The Origins of the Urban Crisis: Race and Inequality in Postwar Detroit

Front Cover
Princeton University Press, Aug 1, 2005 - History - 375 pages
27 Reviews

Once America's "arsenal of democracy," Detroit over the last fifty years has become the symbol of the American urban crisis. In this reappraisal of racial and economic inequality in modern America, Thomas Sugrue explains how Detroit and many other once prosperous industrial cities have become the sites of persistent racialized poverty. He challenges the conventional wisdom that urban decline is the product of the social programs and racial fissures of the 1960s. Probing beneath the veneer of 1950s prosperity and social consensus, Sugrue traces the rise of a new ghetto, solidified by changes in the urban economy and labor market and by racial and class segregation.

In this provocative revision of postwar American history, Sugrue finds cities already fiercely divided by race and devastated by the exodus of industries. He focuses on urban neighborhoods, where white working-class homeowners mobilized to prevent integration as blacks tried to move out of the crumbling and overcrowded inner city. Weaving together the history of workplaces, unions, civil rights groups, political organizations, and real estate agencies, Sugrue finds the roots of today's urban poverty in a hidden history of racial violence, discrimination, and deindustrialization that reshaped the American urban landscape after World War II.

In a new preface, Sugrue discusses the ongoing legacies of the postwar transformation of urban America and engages recent scholars who have joined in the reassessment of postwar urban, political, social, and African American history.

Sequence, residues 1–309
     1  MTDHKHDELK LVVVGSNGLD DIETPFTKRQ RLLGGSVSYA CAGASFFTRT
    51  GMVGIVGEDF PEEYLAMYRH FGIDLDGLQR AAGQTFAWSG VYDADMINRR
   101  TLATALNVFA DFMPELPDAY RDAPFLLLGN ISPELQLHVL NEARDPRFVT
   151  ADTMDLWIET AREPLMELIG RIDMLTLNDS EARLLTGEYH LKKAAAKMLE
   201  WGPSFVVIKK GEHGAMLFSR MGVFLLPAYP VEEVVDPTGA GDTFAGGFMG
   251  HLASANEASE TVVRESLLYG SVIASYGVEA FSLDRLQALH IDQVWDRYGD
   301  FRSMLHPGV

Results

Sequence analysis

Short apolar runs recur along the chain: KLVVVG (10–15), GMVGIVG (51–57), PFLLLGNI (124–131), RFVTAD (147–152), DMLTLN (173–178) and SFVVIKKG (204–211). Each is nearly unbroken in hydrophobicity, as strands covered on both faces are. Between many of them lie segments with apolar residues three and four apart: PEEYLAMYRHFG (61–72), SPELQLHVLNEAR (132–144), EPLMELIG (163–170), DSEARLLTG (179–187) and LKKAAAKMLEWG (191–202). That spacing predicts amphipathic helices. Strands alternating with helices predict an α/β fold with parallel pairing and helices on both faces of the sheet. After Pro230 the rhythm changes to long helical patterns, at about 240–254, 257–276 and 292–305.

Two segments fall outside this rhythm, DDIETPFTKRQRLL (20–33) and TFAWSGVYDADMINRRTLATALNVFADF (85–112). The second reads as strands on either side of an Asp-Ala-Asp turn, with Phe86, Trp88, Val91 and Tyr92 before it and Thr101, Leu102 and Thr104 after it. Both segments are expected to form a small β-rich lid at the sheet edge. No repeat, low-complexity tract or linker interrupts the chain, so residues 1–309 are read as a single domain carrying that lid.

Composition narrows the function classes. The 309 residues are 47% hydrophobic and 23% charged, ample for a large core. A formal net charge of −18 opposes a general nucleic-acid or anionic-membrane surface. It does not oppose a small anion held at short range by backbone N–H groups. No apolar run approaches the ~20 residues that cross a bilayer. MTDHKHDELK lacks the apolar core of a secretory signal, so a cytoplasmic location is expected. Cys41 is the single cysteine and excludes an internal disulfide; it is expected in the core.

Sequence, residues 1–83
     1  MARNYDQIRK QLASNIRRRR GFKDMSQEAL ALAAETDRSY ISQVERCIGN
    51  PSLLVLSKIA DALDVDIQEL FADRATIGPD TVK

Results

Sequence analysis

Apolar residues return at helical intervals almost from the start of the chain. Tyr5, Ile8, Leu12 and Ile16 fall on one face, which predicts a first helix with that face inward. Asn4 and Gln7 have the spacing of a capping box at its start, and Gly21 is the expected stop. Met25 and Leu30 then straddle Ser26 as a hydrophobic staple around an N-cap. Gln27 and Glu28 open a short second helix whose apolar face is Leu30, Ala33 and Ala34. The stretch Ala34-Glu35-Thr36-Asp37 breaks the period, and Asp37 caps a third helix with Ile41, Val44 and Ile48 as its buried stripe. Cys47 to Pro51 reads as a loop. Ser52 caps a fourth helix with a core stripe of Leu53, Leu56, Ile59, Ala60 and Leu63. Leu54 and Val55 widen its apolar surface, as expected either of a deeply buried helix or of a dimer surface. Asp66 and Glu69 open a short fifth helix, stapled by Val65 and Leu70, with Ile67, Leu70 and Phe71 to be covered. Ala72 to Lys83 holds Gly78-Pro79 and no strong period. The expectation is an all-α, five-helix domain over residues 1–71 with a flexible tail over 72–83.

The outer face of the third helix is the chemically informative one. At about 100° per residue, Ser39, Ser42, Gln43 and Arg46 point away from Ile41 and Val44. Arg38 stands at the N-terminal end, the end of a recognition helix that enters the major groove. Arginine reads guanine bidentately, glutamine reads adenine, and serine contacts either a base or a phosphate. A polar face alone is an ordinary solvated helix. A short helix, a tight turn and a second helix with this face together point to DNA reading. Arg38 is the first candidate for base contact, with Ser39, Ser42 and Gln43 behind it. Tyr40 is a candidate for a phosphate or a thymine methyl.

What people are saying - Write a review

User ratings

5 stars
17
4 stars
8
3 stars
2
2 stars
0
1 star
0

Review: The Origins of the Urban Crisis: Race and Inequality in Postwar Detroit

User Review  - Mat Anderson - Goodreads

Content is great. I feel like some of the book drags on a bit. Read full review

Review: The Origins of the Urban Crisis: Race and Inequality in Postwar Detroit

User Review  - Erica - Goodreads

When did Detroit go wrong? The 1967 riots are often seen as the beginning of the city's tragic decline, but Sugure argues that the seeds of downfall were sown much earlier - in the 1940s. A toxic mix ... Read full review

Contents

Introduction
3
Arsenal
15
Rust
89
Fire
179
Detroit and the Fate of Postindustrial America
259
Appendixes
273
List of Abbreviations in the Notes
279
Notes
281
Index
365
Copyright

Common terms and phrases

About the author (2005)

Thomas J. Sugrue is the David Boies Professor of History and Sociology at the University of Pennsylvania. He is the author of "Not Even Past: Barack Obama and the Burden of Race" (Princeton) and "Sweet Land of Liberty: The Forgotten Struggle for Civil Rights in the North.